“Anna tenía muy claro lo que quería reflejar en la imagen. La idea inicial del cartel era mostrar un mapa al estilo de las antiguas películas de aventuras, una especie de ruta de viaje a través de los países de Latinoamérica, en busca de un tesoro musical, con un toque “vintage”. Tras haber realizado un primer cartel y tener el visto bueno, no pude dejar de darle vueltas, de imaginar un mapa diferente. Finalmente, intentando respetar la idea inicial, pensé en las canciones cómo hilos de unión para dibujarlo, tejido por las canciones, la colorida y cálida multiculturalidad siendo guiados, además, por la rosa de los, vientos. Así entre varias comunicaciones en la diferencia horaria, se creó la imagen del concierto”.
Anna had a clear idea of what she wanted the image to reflect. The initial idea was a poster that showed a map in the style of the old adventure movies, a sort of trip route thru the different countries of Latin America, in search of musical treasures, with a vintage touch. After making the first prototype and seen it as a good effort, I could not stop thinking of a new idea and imagining a different kind of map. Finally, trying to respect the original idea, I thought of the songs as threads of union to draw (the map), knitted by the songs, colored with the quality of multiculturalism that are guided, besides, by the compass rose. So it was, with our various communication efforts and difference of time between NYC and Spain, the image of the concert came into being.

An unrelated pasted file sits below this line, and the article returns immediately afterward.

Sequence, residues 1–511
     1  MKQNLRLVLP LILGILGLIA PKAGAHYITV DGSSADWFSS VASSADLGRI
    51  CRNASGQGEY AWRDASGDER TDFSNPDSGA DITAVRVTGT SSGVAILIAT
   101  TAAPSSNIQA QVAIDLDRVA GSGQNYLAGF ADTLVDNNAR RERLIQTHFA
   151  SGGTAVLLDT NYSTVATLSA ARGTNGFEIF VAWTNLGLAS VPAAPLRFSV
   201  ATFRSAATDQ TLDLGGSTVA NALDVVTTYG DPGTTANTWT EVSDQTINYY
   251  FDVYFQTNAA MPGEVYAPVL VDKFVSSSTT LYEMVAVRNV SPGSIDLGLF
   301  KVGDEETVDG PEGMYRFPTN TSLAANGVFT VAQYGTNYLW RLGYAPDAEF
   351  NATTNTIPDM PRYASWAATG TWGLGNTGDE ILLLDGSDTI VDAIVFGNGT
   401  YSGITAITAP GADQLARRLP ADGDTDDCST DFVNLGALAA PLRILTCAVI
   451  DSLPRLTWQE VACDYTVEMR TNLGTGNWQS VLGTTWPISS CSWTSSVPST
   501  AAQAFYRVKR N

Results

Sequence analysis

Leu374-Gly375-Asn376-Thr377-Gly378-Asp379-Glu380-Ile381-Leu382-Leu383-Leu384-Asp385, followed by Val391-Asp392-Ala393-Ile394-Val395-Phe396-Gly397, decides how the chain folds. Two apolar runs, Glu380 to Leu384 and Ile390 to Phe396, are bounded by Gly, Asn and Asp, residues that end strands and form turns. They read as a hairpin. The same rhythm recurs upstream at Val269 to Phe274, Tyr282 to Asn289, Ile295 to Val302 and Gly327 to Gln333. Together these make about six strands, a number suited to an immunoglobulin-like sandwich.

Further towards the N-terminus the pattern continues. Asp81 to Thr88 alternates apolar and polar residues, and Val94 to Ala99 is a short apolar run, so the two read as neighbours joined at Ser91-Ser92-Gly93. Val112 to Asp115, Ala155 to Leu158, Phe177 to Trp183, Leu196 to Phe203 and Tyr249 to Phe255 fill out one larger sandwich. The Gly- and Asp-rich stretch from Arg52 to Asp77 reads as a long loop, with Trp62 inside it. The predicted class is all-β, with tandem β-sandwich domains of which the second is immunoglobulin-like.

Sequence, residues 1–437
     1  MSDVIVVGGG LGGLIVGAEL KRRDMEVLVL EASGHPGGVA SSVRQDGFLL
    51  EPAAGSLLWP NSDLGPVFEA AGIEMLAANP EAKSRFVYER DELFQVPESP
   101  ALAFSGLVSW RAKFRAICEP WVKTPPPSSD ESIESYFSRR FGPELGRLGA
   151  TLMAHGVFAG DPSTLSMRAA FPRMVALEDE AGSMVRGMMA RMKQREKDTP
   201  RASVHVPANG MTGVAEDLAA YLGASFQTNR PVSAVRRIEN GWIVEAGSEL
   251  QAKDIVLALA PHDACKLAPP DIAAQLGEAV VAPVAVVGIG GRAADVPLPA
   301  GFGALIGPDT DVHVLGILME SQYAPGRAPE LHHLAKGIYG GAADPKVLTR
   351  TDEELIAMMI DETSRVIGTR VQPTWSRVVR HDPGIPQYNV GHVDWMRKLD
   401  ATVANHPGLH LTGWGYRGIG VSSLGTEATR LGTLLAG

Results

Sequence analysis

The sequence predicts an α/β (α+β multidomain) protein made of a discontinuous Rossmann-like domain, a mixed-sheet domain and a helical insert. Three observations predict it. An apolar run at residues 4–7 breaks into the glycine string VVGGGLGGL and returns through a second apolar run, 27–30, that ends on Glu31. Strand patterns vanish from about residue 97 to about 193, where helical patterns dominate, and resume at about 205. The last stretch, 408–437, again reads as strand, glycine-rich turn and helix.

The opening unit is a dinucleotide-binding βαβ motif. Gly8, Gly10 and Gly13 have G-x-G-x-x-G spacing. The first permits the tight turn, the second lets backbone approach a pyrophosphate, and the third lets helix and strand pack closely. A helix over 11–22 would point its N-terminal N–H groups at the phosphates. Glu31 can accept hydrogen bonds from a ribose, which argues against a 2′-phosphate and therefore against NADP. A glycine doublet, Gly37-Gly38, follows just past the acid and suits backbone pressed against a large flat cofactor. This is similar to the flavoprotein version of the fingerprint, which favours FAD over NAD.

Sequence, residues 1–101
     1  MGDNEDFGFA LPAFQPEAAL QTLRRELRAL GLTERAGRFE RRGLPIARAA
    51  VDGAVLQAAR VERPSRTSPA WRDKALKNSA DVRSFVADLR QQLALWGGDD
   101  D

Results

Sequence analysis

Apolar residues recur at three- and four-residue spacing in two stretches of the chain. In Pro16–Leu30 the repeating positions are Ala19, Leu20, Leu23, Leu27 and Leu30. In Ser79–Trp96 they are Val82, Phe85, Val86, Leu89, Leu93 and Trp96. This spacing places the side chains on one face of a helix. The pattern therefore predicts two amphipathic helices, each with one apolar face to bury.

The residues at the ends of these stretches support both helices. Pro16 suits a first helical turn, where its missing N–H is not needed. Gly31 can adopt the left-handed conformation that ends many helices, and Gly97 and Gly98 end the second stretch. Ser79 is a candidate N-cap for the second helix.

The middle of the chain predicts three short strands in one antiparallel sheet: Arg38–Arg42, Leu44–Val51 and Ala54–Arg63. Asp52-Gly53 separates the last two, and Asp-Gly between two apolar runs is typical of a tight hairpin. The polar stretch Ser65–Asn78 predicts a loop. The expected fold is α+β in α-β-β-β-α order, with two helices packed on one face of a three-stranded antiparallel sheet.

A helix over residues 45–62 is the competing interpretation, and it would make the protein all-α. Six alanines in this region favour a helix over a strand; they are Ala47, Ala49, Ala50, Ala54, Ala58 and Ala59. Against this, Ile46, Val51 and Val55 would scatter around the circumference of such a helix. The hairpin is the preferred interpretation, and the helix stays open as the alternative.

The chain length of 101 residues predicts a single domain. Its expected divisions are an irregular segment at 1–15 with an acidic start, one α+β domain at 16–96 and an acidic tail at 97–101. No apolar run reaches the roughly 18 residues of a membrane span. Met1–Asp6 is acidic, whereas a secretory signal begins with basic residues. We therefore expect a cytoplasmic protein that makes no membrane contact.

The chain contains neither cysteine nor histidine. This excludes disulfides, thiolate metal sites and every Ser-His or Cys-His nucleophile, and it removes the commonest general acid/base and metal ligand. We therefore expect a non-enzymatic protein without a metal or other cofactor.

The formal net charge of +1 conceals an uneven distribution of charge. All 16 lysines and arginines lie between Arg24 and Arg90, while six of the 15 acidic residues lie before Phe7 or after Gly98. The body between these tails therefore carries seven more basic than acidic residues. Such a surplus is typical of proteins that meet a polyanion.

The concert is presented by North/South Consonance, Inc. in celebration of Hispanic Heritage Month, and takes place on October 27th at 3 PM at Christ and St. Stephen’s in Manhattan. Free Admission:
For more information please go to:
Pianist Ivor Newton recalled this quote by the great mezzo soprano Conchita Supervia:
“Before the beginning of every program I ever did with Conchita, when we were trying to summon up the courage to face the music, Conchita would turn to me and say ‘Is every nerve in you body awake?’ and when I’d hopefully say ‘Yes’ we’d go onto the platform”.
From Conchita Supervia, Volume 1, Gemm CD 9975, program notes by Allan Evans, 1993.
“Pienso que adoro la danza porque siempre he detestado la mentira. En la danza todo es verdadero.”
I think I adore dance because I have always detested lies. In dance, everything is truthful.